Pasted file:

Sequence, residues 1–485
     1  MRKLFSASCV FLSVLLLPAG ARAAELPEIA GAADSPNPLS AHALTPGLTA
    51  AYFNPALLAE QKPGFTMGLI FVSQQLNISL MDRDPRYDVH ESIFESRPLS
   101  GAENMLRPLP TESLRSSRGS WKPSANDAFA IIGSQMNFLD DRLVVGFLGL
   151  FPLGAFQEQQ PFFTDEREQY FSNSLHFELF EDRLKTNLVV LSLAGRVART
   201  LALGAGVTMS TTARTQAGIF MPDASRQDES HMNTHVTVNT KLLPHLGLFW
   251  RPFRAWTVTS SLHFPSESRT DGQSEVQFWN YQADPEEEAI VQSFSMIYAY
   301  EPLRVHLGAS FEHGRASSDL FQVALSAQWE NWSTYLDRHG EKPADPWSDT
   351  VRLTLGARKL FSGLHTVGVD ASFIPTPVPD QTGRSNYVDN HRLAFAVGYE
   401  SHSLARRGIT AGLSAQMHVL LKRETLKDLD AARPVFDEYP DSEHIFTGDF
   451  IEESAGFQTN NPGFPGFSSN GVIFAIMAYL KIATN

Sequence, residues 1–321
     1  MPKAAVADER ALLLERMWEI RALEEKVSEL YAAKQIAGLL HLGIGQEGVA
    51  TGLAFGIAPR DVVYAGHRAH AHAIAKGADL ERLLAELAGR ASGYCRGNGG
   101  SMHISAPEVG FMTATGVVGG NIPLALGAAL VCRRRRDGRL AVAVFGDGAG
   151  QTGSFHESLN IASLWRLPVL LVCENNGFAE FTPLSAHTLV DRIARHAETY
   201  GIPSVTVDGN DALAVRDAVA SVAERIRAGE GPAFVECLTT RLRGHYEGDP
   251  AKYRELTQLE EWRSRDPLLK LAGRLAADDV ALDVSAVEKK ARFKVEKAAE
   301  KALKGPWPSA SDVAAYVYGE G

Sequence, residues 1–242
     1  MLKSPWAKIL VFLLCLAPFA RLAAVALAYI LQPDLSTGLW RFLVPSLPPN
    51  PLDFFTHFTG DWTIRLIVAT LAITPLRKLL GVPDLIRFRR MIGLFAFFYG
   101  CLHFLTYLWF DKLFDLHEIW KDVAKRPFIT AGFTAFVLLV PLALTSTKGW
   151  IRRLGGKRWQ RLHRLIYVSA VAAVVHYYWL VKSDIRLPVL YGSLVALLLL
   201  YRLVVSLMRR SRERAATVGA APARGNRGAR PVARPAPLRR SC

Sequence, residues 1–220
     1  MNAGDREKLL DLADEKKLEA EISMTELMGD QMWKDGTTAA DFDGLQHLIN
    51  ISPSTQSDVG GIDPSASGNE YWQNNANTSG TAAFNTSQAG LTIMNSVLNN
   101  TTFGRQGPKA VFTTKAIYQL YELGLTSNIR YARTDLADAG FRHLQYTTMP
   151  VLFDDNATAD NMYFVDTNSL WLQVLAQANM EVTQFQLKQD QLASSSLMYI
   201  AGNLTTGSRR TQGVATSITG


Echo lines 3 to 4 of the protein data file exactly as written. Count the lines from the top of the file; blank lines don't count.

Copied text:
    51  AYFNPALLAE QKPGFTMGLI FVSQQLNISL MDRDPRYDVH ESIFESRPLS
   101  GAENMLRPLP TESLRSSRGS WKPSANDAFA IIGSQMNFLD DRLVVGFLGL